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Test Pipes & Borla (Emissions questions)

Discussion in 'Technical Q&A' started by Ricambi America, Jan 12, 2004.

  1. Ricambi America

    Ricambi America F1 World Champ
    Sponsor Owner

    OK, here's the 65K question...

    With test pipes and a borla on a 1990 348, what kind of trouble do you think I'd encounter when I get my car registered in North Carolina? We have emissions testing in my county. Here are our standards:

    LIGHT DUTY VEHICLES
    Model Year CO HC
    1981-later 1.2 220

    Help! I'm getting nervous.
     
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  3. Darolls

    Darolls F1 Veteran
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    Jul 2, 2003
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    Sparky
    Take it to a shop that has the equipment, and have them 'sniff' before you go for the emissions test.

    If you don't pass at the shop, make the necessary corrections before going to the t6esting station.
     
  4. Mike328

    Mike328 F1 Rookie
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    Oct 19, 2002
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    Boulder, CO
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    I don't want to make you nervous, but I think there is some cause for concern.

    1.2% CO and 220ppm HC is medium-strict, from my research.

    Without cats, if your car is running rich my opinion is that you will exceed those values.

    With no cats and running lean, I think you could be OK.

    Do you have any information on 348 emissions "before the tailpipe" (i.e. before any catalytic converters can improve things)? These are published for my 308 both in the manual and on a plate on the car itself... That will be important information for you.
     
  5. pma1010

    pma1010 F1 Rookie

    Jul 21, 2002
    2,559
    Chicago
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    Philip
    I think the car's emissions standard (for model year XXXX) is usually on a plate in the engine bay. I don't want to scare you, but my guess is you'll fail w/o cats.

    I have heard that come counties have different standards than others (for example, in Illinois, I believe regional districts do not have emissions testing where as Chicago does). I am told it is possible to register a car at a PO Box/MBE in such a regional district and thereby avoid the test. No direct experience, not advocating the position, any and all other disclaimers etc, but if NC is the same, there may be a work around.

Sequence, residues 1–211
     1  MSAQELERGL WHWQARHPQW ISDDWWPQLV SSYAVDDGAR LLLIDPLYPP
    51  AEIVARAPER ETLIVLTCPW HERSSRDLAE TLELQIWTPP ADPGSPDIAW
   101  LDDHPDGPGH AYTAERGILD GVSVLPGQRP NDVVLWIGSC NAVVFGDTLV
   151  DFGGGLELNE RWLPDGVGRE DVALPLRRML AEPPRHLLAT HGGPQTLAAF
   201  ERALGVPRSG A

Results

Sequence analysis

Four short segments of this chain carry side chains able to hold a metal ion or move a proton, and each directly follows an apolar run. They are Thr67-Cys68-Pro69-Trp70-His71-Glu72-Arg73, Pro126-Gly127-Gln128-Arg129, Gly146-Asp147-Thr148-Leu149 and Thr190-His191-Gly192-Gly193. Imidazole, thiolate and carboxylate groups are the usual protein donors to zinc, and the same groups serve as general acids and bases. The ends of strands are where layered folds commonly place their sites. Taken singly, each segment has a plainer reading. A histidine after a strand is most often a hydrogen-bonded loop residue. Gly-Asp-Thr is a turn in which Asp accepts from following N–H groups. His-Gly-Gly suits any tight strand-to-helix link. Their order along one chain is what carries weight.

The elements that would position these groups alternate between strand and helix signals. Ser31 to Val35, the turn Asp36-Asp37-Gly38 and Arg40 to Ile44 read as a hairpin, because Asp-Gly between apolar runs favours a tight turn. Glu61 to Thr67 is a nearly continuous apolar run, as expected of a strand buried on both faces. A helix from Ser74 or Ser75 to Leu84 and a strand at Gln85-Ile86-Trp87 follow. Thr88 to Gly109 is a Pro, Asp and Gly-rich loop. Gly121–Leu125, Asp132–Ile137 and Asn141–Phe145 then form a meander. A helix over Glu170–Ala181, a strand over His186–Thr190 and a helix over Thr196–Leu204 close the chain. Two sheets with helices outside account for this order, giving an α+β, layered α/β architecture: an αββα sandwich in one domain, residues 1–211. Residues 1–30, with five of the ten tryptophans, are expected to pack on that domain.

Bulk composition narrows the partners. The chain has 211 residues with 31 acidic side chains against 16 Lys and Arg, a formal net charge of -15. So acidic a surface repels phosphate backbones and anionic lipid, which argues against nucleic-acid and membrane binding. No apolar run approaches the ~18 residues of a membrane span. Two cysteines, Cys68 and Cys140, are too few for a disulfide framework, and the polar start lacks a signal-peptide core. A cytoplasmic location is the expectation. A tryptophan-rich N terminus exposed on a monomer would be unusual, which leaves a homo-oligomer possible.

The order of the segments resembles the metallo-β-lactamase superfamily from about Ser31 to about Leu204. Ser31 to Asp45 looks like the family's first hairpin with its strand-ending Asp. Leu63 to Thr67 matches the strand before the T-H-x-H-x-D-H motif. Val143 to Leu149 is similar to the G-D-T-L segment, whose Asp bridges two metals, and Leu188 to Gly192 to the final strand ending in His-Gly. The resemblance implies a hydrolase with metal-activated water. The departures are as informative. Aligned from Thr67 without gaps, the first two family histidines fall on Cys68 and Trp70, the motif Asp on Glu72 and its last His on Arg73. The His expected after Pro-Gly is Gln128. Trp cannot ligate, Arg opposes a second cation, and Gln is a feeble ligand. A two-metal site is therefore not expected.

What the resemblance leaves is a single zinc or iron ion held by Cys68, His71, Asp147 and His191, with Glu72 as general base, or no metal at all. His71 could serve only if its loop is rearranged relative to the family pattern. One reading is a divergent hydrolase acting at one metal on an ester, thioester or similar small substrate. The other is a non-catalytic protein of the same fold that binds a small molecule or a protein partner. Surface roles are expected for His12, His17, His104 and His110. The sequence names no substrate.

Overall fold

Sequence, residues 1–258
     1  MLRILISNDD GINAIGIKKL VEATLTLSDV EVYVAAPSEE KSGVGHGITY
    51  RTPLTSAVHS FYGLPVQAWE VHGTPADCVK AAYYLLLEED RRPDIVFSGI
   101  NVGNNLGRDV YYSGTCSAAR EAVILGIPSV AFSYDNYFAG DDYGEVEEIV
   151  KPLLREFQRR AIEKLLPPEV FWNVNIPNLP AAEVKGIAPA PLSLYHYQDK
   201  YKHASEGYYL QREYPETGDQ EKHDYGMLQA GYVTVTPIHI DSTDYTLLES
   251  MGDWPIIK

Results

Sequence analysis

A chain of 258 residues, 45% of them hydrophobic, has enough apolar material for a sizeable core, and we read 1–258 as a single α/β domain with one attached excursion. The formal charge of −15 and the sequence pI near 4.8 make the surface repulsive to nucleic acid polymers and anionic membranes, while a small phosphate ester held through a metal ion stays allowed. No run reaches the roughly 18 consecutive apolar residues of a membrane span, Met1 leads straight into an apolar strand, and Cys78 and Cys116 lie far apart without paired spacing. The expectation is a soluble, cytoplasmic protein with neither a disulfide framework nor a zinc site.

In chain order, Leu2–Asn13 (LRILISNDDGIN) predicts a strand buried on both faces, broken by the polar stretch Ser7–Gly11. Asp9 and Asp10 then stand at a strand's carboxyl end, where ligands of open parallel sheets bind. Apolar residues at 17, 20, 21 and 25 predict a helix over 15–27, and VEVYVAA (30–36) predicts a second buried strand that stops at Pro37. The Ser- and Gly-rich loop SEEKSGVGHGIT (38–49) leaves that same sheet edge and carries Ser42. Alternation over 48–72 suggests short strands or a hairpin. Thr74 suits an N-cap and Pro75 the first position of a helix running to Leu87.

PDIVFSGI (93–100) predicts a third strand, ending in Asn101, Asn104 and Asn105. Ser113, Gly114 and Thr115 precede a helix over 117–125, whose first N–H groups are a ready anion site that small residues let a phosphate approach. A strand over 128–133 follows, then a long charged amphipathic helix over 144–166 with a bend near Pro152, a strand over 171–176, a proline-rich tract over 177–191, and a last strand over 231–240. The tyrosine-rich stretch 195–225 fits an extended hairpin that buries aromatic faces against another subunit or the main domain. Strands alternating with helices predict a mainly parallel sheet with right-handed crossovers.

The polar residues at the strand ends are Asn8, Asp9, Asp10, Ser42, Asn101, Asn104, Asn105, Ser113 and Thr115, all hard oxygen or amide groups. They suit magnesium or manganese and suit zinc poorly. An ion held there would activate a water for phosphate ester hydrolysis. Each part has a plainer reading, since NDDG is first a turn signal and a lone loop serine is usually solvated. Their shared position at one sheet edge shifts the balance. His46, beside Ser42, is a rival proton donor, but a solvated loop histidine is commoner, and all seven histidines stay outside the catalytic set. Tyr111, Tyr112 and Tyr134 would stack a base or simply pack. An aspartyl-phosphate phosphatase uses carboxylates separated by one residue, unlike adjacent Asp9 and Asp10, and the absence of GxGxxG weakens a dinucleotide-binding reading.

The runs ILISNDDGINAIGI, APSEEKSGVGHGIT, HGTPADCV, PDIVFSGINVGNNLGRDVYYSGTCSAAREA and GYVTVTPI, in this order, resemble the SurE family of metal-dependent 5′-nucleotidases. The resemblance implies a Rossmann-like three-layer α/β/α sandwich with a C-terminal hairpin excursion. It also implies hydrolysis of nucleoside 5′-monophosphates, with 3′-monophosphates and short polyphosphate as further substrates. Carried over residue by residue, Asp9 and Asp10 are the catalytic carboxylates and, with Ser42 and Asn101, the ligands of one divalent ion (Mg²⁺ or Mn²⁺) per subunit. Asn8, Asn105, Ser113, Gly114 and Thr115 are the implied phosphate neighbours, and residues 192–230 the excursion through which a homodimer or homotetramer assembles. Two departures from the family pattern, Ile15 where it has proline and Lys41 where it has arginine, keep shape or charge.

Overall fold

Alternatively, you could just get a couple of cats, put them on and run through the test. A decent muffler store should be able to sort you out. A cat is a cat.
     
  6. Ricambi America

    Ricambi America F1 World Champ
    Sponsor Owner

    So should I assume that:

    1. All the folks running with test pipes live in counties that don't perform emission testing? Come on, I can't beleive that... what about all those folks in sunny SoCal?

    2. If the car is tuned within an inch of it's life, why wouldn't it pass without the cats?

    3. Would you seriously take a 348 into Midas for them to slam some cats onto it?

    4. There's a lot of junk riding around the North Carolina freeways. Do those yahoo's slip some cash into their friendly mechanic's pocket? I abide by the law, but it'd anger me if Uncle Jethro's F-150 which is nothing more than rust and fumes can stay on the highway, but I can't.


    ... Perhaps if I fail enough times, and should some type of financal hardship, they'd grant me an exemption (especially if the insurance is listed as <2500 miles /year)
     
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  8. Mike328

    Mike328 F1 Rookie
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    Oct 19, 2002
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    NC,

    Some folks, every year or every two years, put back their stock exhaust or cats or whatever, and do the deed. We carb guys in 308s can just swap in some really, really lean jets and change the picture significantly for a few hours on an as-needed basis.

    The car may or may not pass without cats. All depends on the "raw" emissions of the engine, as indicated by the manufacturer, of a very tuned engine.

    Nobody's telling you to take your 348 into midas. Put them on yourself (should be an easy do-it-yourself job, or a good learning job if you're new to DIY maintenance), or have a private shop do it. I presume you have a mechanic--that's prerequisite #1 for owning these cars. He'll gladly do it I'm sure.

    Also, I doubt you'll get an exemption, unless there are regulations on this and you fall into one of their exemption categories. A low mileage 1990 Ferrari that can't pass emissions probably isn't going to get much sympathy.

    Regarding the F-150, often times there is an age exemption. Some states, for example, exempt cars greater than 25 years old... That might be why you see some seriously old smokers out there. The thinking is that these are 1) Pre-EPA cars that didn't have a lot of emissions in the first place, and 2) Form such a minority as to have little impact in the overall scheme of things.

    NC, emissions are a problem that most of us face. You'll get through it. See what your car puts out pre-cats first as a starting point.

    --Mike
     
  9. Dr.T348

    Dr.T348 Formula 3

    Jan 8, 2004
    1,599
    Chicago NW Burbs
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    Richard T.
    In some states (Illinios) you can obtain a show car exemption. You need to have a special insurance with restrictions on milage, but not any more expensive. You that (at least in IL) get a 2 year exemption from emission testing. Check with your local testing station.
     

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